Gender, State and Citizenships: Challenges and Dilemmas in Feminist Theorizing

Jeff Hearn, Barbara Hobson

Research output: Chapter in Book/Report/Conference proceedingChapterpeer-review


The concept of citizenships, in the plural, reflects different research traditions in citizenship theorizing: citizenship as legal status in a sovereign state, as a bearer of rights and obligations; citizenship as participation (civic republicanism); and citizenship as social membership. Each of these enhance the capabilities of individuals to become participants in political, economic and social spheres of life. Citizenships as a concept also embraces practices: how these aspects of citizenship are experienced in everyday encounters and the relationships of power: in families, workplaces, welfare offices, social movements and their variations in institutional contexts.
We focus on how gender has become more salient in theorizing across these citizenship domains, extending the boundaries of social membership and inclusion (Lister 2003; Hobson and Lister 2002). Implicit in the pluralizing of citizenships is the recognition of the need for a dynamic concept that engages with multi-dimensional aspects of gender, citizenships and social memberships within, below and beyond the state. This approach allows us to capture both the diversity in locations and situations of individuals and groups and the multi-scalar structures of governance: by national and transnational institutions and actors, as well as the opportunities and constraints for social movements to transform them. Finally, this chapter engages with the theoretical terrain on intersectionalities, viewing gender through the lens of complex inequalities across age, citizenship/migrant status, class, ethnicity/race, region, and their intersections. Throughout we engage with the dilemmas and challenges in theorizing gender, citizenships and social memberships: if and how gender matters in the framing of citizenship and what processes shape social divisions and citizenship identities.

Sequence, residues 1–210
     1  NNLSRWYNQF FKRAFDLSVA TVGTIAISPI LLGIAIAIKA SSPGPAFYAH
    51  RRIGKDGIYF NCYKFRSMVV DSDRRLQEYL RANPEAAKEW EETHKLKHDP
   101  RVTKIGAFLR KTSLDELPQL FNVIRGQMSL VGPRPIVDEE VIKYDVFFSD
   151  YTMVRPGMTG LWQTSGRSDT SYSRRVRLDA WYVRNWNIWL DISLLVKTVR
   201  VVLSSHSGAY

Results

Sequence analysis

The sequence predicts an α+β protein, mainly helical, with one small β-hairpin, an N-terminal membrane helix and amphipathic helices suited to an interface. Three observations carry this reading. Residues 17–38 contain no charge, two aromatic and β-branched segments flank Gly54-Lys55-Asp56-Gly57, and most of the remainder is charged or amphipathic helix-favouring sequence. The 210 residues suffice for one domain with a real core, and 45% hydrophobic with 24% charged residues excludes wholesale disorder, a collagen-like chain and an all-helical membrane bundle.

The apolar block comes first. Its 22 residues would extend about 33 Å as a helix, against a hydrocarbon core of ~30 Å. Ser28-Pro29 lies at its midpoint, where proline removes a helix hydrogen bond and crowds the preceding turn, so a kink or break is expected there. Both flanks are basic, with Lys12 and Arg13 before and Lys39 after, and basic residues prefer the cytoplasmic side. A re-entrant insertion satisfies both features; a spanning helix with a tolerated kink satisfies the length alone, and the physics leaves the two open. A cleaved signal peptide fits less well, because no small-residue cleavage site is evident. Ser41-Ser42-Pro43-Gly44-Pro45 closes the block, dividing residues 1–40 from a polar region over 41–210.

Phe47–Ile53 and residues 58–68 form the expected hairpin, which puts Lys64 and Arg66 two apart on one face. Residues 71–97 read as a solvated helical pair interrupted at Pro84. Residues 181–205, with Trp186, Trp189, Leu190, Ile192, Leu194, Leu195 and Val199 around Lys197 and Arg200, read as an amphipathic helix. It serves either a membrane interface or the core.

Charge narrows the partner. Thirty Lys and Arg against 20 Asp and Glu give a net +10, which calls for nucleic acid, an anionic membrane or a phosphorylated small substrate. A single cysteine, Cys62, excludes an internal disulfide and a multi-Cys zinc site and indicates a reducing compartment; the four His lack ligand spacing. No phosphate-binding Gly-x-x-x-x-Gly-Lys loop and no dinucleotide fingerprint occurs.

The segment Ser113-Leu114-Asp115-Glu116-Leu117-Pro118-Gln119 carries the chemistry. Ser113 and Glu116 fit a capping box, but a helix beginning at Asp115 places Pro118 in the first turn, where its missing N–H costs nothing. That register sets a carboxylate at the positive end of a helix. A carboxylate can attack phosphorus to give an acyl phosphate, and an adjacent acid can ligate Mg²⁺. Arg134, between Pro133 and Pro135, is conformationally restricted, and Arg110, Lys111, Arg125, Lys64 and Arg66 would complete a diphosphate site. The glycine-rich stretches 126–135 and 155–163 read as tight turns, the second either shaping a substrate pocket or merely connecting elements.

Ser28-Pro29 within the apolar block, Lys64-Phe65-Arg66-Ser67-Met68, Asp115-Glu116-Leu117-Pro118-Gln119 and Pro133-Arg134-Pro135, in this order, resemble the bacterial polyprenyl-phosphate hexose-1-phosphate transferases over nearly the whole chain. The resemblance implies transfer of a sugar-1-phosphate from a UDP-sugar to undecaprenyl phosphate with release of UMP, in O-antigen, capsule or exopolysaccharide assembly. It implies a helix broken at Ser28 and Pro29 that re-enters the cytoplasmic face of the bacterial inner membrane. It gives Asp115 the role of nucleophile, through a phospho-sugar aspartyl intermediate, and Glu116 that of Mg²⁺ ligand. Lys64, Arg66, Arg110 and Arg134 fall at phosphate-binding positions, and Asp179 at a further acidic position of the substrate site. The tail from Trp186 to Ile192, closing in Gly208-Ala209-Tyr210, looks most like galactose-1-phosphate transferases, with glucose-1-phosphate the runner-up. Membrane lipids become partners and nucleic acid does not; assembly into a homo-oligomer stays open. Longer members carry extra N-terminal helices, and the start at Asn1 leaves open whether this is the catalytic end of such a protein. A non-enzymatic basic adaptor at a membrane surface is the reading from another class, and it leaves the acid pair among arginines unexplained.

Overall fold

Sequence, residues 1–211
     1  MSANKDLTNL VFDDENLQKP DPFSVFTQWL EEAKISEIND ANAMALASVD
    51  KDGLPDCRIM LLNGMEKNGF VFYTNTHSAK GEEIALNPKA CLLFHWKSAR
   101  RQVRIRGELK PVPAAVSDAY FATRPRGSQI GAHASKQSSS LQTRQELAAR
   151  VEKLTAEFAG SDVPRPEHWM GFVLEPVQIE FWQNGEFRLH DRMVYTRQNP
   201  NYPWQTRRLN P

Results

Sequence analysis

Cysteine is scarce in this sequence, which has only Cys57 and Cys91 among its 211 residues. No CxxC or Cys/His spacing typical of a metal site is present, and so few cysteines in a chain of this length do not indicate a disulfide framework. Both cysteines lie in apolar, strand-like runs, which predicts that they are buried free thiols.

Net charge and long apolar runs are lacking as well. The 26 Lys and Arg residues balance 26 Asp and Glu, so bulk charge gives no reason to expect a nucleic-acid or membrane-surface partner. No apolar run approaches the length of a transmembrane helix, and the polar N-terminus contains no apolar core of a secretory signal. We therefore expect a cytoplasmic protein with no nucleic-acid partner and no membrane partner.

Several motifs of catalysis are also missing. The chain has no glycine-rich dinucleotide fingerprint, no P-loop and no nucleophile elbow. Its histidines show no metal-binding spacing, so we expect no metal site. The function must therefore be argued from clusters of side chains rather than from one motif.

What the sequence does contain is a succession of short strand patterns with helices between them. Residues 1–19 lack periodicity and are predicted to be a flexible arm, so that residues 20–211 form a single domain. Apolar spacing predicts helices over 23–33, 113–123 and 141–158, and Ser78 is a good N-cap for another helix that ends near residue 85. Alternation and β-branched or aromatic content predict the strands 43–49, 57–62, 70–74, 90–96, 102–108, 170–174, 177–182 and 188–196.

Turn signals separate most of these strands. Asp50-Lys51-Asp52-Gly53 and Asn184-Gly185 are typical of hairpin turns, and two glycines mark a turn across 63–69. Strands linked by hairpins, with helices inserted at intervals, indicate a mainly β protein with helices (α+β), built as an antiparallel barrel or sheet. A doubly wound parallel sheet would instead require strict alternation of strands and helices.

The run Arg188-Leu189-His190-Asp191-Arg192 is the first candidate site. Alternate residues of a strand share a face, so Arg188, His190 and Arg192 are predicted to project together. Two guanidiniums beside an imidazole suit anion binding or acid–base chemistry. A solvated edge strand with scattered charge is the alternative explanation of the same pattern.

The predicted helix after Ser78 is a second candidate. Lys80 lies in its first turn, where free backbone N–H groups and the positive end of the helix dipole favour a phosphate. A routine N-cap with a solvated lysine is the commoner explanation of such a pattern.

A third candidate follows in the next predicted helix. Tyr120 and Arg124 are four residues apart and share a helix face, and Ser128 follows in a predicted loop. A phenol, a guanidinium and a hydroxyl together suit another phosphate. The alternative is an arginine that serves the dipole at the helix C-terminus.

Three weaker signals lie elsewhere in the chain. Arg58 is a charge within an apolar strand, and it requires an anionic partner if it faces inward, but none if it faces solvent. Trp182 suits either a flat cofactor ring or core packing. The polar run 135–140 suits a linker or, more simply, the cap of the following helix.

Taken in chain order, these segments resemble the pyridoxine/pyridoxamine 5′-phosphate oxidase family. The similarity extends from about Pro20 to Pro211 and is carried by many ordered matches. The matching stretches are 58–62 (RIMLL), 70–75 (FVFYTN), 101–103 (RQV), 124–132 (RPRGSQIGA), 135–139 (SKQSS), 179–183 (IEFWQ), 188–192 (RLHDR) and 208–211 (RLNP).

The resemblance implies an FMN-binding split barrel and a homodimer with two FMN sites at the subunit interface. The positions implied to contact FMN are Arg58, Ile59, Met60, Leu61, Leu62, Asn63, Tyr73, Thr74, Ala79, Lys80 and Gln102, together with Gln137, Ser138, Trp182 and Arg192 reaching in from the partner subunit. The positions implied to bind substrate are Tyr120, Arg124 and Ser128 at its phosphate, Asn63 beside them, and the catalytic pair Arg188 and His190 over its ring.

This chapter comprises two main sections and a concluding discussion. The first focuses on feminist theorizing within two main research traditions in citizenship theorizing: first, social membership: T.H. Marshall’s framework, its legacy in welfare regime paradigm, and the dialogues on gender, states and citizenship that arose from them; second, civic republicanism and participatory citizenship, addressing agency (citizenship in practice), frames of gendered citizenship. In the second section, we focus on the changing landscape of feminist theorizing on citizenships emerging from critical analysis of men and masculinities, postcolonial critical race theory, intersectionality, migration and transnationalism. We conclude with Challenges, Dilemmas and Debates, addressing the implications of these complexities and dilemmas and challenges in gendered citizenships, in particular, the fragmentation in solidarities reflected in the widening gap in capabilities and inequalities and polarization across citizenship identities expressed in new forms of nationhood, nationalism and populism.
Original languageEnglish
Title of host publicationThe New Handbook of Political Sociology
EditorsThomas Janoski , Cedric de Leon, Joya Misra, Isaac William Martin
Place of PublicationNew York
PublisherCambridge University Press
Number of pages38
ISBN (Electronic)9781108147828, 9781108149006
ISBN (Print)9781107193499
Publication statusPublished - 1 Mar 2020


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